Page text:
\[ \large \int \dfrac{1}{x^2+1} \, dx = arctanx + k \] but the same integral can be written as

\[ \large \int \dfrac{1}{x^2-i^2} \, dx \] where\[ i=\sqrt{-1} \]
Using partial fractions and then integrating
\[ \large \int \dfrac{1}{x^2-i^2} \, dx = 1/2i* \ln \frac { x-i }{ x+i } + C \]
Prove that their difference is a constant.

## Comments

Sort by:

TopNewestTake

x - i =re^(iy)

So taking conjugates both sides,

x + i = re^(-iy)

So,

ln (x-i) - ln (x+i)= ln (re^(iy)) - ln (re^(-iy))= 2iy

Here y= arctan (-1/x) = arctan (x) - pi/2 .

So the integrals differ by a constant. Hope this helps sorry for typing errors. – Abhi Kumbale · 1 year, 1 month ago

Log in to reply

You need to know that log of imaginary number is defined – Dev Rajyaguru · 1 year, 1 month ago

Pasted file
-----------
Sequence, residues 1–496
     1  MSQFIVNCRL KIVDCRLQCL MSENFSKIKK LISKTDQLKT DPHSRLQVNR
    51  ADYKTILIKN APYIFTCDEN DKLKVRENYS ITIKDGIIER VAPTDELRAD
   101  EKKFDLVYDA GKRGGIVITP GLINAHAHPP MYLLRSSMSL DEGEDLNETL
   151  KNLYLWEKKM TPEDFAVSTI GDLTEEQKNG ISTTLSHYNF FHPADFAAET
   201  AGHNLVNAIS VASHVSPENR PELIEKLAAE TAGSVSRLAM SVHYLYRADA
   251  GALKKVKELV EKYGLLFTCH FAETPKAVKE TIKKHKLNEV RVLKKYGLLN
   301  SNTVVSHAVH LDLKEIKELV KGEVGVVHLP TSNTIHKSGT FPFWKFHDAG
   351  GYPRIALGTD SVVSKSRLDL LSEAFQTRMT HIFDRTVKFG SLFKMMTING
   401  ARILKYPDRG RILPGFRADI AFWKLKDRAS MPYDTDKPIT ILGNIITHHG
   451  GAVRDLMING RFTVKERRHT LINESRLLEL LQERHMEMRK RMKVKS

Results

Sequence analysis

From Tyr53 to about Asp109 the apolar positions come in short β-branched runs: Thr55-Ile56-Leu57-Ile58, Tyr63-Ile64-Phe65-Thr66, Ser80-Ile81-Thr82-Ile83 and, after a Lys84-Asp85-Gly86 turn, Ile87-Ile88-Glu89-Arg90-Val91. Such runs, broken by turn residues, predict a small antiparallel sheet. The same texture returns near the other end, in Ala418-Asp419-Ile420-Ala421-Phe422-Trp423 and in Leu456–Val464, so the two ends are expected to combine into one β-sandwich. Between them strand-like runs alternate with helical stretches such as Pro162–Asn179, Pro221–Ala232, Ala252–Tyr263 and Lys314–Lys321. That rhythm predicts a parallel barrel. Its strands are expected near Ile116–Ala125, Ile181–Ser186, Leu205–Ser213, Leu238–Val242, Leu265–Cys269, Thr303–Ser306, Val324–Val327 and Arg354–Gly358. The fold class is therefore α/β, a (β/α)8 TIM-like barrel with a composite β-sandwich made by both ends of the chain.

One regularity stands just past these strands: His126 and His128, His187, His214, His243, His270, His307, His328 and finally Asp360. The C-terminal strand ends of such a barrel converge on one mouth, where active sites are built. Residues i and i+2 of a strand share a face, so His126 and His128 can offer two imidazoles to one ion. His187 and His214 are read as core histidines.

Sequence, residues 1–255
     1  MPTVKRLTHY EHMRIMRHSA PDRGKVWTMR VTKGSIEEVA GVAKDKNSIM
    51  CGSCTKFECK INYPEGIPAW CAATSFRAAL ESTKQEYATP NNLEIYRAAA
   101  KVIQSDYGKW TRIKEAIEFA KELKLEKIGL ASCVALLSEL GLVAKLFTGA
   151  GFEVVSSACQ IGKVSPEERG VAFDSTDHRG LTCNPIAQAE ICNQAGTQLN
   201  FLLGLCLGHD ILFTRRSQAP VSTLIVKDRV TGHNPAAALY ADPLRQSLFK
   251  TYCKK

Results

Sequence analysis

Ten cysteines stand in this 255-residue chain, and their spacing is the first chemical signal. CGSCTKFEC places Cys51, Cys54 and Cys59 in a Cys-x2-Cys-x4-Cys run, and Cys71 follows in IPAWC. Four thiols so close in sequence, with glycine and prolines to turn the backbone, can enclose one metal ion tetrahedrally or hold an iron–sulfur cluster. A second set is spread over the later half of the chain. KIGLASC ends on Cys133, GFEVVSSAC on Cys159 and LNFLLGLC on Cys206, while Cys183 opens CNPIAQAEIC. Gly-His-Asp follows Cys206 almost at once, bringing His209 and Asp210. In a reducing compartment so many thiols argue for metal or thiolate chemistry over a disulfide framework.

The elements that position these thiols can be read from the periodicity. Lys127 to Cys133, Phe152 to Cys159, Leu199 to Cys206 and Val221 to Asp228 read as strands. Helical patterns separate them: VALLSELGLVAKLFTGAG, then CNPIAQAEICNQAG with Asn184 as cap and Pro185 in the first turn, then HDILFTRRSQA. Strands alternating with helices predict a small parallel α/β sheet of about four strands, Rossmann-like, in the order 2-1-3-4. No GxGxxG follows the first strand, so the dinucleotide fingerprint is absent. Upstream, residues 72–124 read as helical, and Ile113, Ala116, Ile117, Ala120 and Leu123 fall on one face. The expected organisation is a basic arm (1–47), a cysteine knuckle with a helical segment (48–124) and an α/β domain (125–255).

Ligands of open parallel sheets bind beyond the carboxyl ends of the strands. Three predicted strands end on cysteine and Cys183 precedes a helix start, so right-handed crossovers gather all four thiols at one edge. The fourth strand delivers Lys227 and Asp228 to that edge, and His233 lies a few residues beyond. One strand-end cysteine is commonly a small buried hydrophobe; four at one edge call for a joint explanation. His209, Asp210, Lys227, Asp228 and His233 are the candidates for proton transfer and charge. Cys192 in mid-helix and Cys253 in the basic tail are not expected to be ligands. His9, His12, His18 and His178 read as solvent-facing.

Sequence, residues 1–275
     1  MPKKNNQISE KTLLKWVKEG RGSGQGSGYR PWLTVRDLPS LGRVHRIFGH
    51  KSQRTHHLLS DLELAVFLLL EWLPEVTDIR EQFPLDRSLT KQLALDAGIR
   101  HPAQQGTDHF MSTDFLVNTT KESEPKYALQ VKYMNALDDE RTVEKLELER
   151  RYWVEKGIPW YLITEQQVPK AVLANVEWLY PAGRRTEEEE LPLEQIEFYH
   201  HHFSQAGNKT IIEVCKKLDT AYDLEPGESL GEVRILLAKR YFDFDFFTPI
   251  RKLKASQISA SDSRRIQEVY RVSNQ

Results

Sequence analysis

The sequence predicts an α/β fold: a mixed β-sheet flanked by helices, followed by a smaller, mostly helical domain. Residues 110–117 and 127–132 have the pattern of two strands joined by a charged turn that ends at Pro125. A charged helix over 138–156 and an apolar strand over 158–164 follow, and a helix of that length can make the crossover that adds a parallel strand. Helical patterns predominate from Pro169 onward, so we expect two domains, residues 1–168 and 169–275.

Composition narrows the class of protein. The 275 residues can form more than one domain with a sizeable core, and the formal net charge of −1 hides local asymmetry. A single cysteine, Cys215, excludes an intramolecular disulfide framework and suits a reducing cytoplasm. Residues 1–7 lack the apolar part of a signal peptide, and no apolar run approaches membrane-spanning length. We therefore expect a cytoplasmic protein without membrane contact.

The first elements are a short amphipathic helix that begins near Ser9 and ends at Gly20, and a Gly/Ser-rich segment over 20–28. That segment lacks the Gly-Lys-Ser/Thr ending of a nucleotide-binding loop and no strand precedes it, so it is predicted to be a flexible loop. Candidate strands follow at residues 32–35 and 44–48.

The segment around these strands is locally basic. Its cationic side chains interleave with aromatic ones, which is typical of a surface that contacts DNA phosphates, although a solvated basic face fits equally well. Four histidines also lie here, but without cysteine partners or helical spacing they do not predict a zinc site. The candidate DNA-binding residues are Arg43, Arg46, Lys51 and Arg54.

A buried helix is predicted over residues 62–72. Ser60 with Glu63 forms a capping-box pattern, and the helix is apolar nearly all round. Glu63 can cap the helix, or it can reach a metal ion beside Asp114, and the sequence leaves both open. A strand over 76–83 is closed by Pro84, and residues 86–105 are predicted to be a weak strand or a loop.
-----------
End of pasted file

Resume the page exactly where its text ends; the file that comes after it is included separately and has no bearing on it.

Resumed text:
Log in to reply

– Priyamvad Tripathi · 1 year, 1 month ago

Yes I came to know it after I posted this note and even proved the same.Log in to reply

Do you mean \[\frac { x-i }{ x+i } \] or \[x-\frac { i }{ x+i } \] ? and \[\frac{1}{2}i\] or \[\frac{1}{2i}\]? – Hummus A · 1 year, 2 months ago

Log in to reply

– Priyamvad Tripathi · 1 year, 2 months ago

Sir I have corrected it. It was the first one \[\frac { x-i }{ x+i } \]Log in to reply